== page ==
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Scott Holtzman

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Re: Causes of high latency in Digital Radios and Comms
« Reply #4 on: October 28, 2019, 01:09:47 am »

I think the real problem is HEARING the latency.  If you call a cell phone and listen to both phones you will hear the latency.

Most modern digital full duplex intercom systems (Bolero, Freespeak and Crewcom) have low latency better than your typical cell phone call.  Where comms users begin to complain is when they are forced to listen to their own voice, double delayed, because of problems in the routing of the signal or leaky Hybrids and it sounds like an echo.

Some older digital comms like Tempest had much greater latency because of the Phoneme based codec which was slow and the 2-wire hybrid which could never be nulled completely.  this echo was the beginning of comms echo complaints.

In BTR days the audio was transmitted to the base, summed with the audio from other packs and re-transmitted back for everyone to hear...analog added no perceptible latency so it was actually a feature... if you heard yourself, the message went through and you could verify that the comm was working.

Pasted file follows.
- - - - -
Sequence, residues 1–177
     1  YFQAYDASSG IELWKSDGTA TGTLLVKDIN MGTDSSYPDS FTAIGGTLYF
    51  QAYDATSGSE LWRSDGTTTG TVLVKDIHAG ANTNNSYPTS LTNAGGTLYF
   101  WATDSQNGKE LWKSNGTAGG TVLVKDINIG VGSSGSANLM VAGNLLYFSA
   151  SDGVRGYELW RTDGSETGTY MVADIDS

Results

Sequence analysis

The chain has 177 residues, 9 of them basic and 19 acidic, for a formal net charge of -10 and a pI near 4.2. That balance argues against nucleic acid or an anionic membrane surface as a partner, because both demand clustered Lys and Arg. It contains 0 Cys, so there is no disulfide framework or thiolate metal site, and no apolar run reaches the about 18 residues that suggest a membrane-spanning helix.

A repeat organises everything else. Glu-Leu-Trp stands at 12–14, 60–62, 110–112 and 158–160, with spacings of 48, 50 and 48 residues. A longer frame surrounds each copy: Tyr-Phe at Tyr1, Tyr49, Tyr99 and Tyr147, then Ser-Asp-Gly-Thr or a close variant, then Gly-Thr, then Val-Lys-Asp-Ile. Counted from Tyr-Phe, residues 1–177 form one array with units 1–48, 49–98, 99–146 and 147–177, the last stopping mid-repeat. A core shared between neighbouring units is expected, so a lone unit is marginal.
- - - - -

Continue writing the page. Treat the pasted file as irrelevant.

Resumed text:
New digital system can't do this...all 3 systems, above, make the sidetone internally, in the pack, so that this issue is not caused by hearing the double delay.  As a result, if you want to walk test the newer comms systems you must talk into one and listen to a second beltpack to confirm the quality.

Peter/Henry do you know of anyone using the SILK CODEC for any production intercoms?  Since Skype released it for free it has become ubiquitous in IP phone systems.  It has a very low CPU footprint. 

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Ike Zimbel

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Re: Causes of high latency in Digital Radios and Comms
« Reply #5 on: October 28, 2019, 09:34:46 am »


In BTR days the audio was transmitted to the base, summed with the audio from other packs and re-transmitted back for everyone to hear...analog added no perceptible latency so it was actually a feature... if you heard yourself, the message went through and you could verify that the comm was working.

...and these days, RAD is the only system to still offer this feature. Just sayin'...
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Russell Ault

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Re: Causes of high latency in Digital Radios and Comms
« Reply #6 on: October 28, 2019, 02:32:23 pm »

...and these days, RAD is the only system to still offer this feature. Just sayin'...

Isn't the BTR-800 E88 band still legal in North America? :)